By Howard Lee
So many bad things can be said about the recent Singapore Tourism Board promotional video, that it was probably in good taste that STB took it down. If it was for any other reason, then it was a joyous coincidence.
But what, really, was wrong with it? Poor dialogue, that is for sure, and also poor treatment. Continually switching between either the Marina Bay Sands tombstones or the fake metallic trees at Gardens By The Bay and a very enthusiastic couple tend to get tiring after a while. There has surely got to be more of Singapore we can show tourists.
Also, the over-enthusiastic couple is a tad over-bearing. I mean, the couple spent a few days every year (or so the narrative goes) in Singapore and they can’t wait to get back. And when they do, they ooze with elation like a couple of tipsy teenagers. It all ends with a baby bonus, too! No, really?
However, those are merely stylistic points. Call it bad acting, or call it bad scripting, these can be rectified, had STB taken the effort to do so. And at the end of the day, art is subjective.
What really irked Singaporeans, who by all counts should not have been the intended recipients of the video, was really the portrayal of the subject matter – Singapore. On those grounds, there was plenty to be unhappy about, if not ridicule.
The video marketed Singapore as a city paradise, where the quick-stop visitor can be made happy just by posing with the icons by the bay. We were all about strolling by the waterfront, eating good food with stunning views, and ending the day with fireworks.
For sure, to the average tourist, wherever they hail from, we could be all that, if they time it just right. But this is not Singapore. This is not the diversity of cultures that STB was promoting not so long ago, the melting pot of people where you experience a different race and religion just by crossing a road. This was also not the Garden City where we can still find a little bit of green amidst the concrete, tarmac and steel claddings.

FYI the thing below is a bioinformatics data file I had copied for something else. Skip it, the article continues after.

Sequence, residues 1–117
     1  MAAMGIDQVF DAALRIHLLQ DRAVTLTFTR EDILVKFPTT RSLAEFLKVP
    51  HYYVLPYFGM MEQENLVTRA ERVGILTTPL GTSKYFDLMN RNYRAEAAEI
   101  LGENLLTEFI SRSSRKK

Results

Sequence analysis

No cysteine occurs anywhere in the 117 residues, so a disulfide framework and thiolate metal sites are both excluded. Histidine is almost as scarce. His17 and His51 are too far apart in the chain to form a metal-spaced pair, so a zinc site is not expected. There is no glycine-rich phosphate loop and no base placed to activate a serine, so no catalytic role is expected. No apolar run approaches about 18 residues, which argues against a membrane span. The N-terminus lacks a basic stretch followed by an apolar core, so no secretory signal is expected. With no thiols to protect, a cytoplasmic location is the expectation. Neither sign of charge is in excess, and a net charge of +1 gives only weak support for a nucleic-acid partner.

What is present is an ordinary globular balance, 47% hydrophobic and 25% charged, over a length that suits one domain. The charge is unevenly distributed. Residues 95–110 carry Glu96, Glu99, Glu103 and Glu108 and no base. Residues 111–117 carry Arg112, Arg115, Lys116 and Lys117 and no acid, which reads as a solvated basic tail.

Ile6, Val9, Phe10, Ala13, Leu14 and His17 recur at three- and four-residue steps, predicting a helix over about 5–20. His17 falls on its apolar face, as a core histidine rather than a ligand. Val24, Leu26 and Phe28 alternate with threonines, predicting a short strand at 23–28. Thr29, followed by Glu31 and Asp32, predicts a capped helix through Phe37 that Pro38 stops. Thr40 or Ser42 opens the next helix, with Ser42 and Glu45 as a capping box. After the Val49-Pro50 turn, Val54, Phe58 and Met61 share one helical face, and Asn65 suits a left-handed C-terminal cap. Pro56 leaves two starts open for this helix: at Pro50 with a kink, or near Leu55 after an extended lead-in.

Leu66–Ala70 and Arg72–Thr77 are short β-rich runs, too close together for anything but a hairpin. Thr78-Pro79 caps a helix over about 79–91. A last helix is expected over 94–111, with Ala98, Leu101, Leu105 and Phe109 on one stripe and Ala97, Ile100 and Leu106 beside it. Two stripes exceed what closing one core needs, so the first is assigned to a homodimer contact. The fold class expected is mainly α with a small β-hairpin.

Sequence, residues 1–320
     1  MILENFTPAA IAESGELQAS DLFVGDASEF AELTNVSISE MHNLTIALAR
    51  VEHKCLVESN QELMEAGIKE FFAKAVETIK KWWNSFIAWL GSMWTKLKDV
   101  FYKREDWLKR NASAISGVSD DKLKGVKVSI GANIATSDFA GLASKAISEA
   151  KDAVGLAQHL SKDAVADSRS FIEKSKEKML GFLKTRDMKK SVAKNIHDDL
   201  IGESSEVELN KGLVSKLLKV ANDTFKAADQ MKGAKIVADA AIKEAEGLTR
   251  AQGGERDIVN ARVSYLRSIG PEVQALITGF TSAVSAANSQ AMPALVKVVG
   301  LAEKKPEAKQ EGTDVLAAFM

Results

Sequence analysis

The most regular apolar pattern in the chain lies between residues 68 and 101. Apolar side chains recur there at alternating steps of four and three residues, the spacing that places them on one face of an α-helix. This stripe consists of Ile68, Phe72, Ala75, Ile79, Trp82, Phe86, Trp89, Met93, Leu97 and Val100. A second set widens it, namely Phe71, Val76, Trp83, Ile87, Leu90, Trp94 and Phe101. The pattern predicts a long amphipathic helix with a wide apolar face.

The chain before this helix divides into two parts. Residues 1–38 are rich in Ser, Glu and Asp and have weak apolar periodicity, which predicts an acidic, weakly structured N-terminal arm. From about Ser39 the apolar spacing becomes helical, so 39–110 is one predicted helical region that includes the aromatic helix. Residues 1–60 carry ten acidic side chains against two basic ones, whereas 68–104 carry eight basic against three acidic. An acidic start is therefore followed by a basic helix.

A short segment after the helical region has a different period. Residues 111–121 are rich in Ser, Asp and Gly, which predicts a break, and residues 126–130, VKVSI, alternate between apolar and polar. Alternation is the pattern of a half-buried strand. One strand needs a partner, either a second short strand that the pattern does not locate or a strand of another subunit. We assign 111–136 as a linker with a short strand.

You might have groaned at some of these representations in the past, and surely a lot more can be done for our patches of green, but they they did represent the best side of Singapore, whatever we can possibly muster, to anyone who might think of visiting.
This unfortunate video was, sadly, just Marina Bay Sands and Gardens By The Bay, which is a serious under-representation of all that is uniquely Singapore. If we didn’t know better, we might have suspected that it was a cheap promotional video for the companies running both establishments.
A three-minute video could have showed so much more, but it didn’t. What Singaporeans saw was in fact little more than the degradation of a vibrant society to a quickie stop (if you’d excuse the pun), pandering to the high-rolling social life that has been an increasing part of our tourism landscape.
Granted, this video is not about “My Singapore”, but it can hardly be one about “Your Singapore” either. If fact, we might even begin to doubt if it is an “anything Singapore”.
Truly, STB would have a lot to learn from this little romp by the bay. The last lesson, however, would be to look at it from a stylistic perspective. Instead, review it from a cultural perspective – essentially what we want visitors to feel when they leave, an experience that they really cannot find in any other part of the world.
Image credit: Screen capture from SGAG Facebook page. And yes, you can still view the video here, if you dare.